by Markus Stolz

Greek radio

byMarkus Stolz
November 30, 2009, 15 Comments

elloinos live at radio showThis was a first! I was invited by Ted Lelekas to discuss wine and blogging live on his radio show. That by itself was enough to get my pulse racing, as I had never been on a live show before. However the real challenge for me was that the show was to be done in Greek. I have been living in Athens for 6 years now, but only went to language school in the first year in order to learn the basic language skills. My Greek is ok, but in no way perfect, similar to that of my youngest daughter who is turning six soon. Actually, I take that back, I rather think my Greek is similar to my youngest daughter just before she turned five, only that I make many more grammatical errors then her.

It was impossible for me to prepare for the interview, as the guideline was simply to keep it as a free chat. I knew only that we were to discuss what I do, my story so far, and of course the perception of Greek wines abroad. I am not shy using my rudimentary Greek to communicate, as I am usually at least able to get my message across. For example, nearly every conversation I have with Greek wineries takes place in Greek. It is different though to do this on radio, which is broadcasted live to a large audience. I really was not sure what to expect, and half the show, a total of 30 minutes including breaks, was set aside for this chat.

It is tradition that a wine will be opened and tasted on the show, a second bottle of this wine will be given as a present to one of the listeners who will be randomly chosen from a list of people who call in or send a SMS message. Ted kindly offered that I could pick a wine that would fit in with the theme of the radio programme. I had a few bottles of Christos Kokkalis Syrah 2006 left in my wine cellar that I received from Christos earlier in the year as a thank you for helping out at the harvest. He sells pretty much all of his production abroad, and I knew that the Syrah was not available in Greece. In addition, I had received feedback from a number of German wine critics who were all raving about the prospects of the Syrah wines produced in Greece.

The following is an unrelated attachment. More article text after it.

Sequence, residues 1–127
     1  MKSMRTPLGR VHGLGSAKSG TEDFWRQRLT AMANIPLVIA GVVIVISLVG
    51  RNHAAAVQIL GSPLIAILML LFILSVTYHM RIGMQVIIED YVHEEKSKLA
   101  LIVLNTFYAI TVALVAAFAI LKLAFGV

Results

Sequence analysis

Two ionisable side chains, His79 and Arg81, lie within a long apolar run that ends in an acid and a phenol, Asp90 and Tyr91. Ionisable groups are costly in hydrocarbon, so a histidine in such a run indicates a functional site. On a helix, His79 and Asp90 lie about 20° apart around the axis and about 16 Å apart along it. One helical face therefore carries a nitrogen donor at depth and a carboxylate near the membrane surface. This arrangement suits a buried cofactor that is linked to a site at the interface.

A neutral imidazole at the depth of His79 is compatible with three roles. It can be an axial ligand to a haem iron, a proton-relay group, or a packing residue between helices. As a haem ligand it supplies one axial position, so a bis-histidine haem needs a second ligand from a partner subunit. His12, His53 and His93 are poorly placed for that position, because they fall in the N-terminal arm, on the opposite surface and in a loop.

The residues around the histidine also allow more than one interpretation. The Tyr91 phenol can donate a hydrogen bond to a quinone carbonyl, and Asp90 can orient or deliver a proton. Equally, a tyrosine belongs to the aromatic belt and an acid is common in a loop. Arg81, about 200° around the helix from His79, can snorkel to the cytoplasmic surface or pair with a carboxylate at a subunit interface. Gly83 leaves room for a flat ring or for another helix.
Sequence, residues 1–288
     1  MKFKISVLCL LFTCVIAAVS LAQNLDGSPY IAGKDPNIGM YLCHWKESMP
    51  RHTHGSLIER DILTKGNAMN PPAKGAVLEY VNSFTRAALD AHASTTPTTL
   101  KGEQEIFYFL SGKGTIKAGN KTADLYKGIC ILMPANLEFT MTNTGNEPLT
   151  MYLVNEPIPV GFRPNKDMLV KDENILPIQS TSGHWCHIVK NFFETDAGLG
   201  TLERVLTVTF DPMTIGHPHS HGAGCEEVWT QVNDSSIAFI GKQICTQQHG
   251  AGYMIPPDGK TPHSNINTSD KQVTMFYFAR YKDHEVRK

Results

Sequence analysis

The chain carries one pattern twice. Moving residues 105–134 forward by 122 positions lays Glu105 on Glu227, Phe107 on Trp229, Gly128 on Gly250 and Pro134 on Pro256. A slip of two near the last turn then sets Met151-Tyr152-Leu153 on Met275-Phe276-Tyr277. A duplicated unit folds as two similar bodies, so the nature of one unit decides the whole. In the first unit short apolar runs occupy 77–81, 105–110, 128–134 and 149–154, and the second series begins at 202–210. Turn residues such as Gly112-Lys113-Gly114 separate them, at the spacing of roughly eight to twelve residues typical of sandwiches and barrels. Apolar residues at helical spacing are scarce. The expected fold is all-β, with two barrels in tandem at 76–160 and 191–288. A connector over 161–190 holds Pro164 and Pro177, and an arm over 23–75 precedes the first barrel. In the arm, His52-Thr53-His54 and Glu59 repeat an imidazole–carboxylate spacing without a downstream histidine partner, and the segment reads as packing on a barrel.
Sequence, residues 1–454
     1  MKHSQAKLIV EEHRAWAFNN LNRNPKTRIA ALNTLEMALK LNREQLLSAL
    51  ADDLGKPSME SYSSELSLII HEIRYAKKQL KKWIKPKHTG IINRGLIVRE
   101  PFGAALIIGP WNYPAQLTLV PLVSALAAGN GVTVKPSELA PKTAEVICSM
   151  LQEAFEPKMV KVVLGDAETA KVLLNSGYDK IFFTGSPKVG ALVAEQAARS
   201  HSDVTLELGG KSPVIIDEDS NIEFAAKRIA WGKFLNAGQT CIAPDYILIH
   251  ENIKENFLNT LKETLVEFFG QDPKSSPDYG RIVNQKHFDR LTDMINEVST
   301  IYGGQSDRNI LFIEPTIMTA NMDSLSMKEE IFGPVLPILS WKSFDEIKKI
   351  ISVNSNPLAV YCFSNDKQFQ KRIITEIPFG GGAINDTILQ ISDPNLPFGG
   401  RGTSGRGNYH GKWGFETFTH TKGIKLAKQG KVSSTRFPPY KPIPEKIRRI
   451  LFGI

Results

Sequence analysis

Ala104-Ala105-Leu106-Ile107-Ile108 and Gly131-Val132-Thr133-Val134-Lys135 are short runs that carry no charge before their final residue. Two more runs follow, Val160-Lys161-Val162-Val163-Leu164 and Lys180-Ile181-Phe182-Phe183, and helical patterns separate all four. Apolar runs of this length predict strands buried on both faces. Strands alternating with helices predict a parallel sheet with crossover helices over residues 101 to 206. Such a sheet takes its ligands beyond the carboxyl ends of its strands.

I was let into the studio exactly half way through the show, during a short break. I just had time to set up my flipcam, and before I could worry about what on earth I was doing accepting this invitation to chat about wines in Greek on live radio, I was already introduced to the listeners. Thankfully the first thing we did was to taste the Syrah wine. Just the beautiful aromas of it calmed my nerves immediately. It reminded me of my love for Greek wines, and all I wanted to do now was to tell my story. The next half hour flew by. I am very proud that I understood nearly all questions asked, only once did I have to ask Ted to rephrase for me. He did a great job, as it must be hard to ask questions using simplified Greek only. It is also a challenge to give answers even if one does not understand 100% of what was asked. I am sure I lost some opportunities to position myself – or rather my work – better, then again I was not thinking about selling myself, rather about how to tell my story. I was very pleased that the listeners sent in dozens of SMS messages, although I am not sure if this was due to the fact that it was interesting to listen to a German speaking in funny Greek, or because they wanted a chance to take home that bottle of the Kokkalis Syrah.

I wish to thank every single person that listened to the show, and also every single reader of this post. I am really grateful to Ted Lelekas who took the risk of having me as a guest on his show. I “met” him first on twitter, and I am impressed not only by his knowledge of Greek wines, but also by his great personality. He broadcasts the wine radio show every Saturday 1200 – 1300 GMT, and everyone can tune in via Internet on I also wish to thank the radio station for running this show.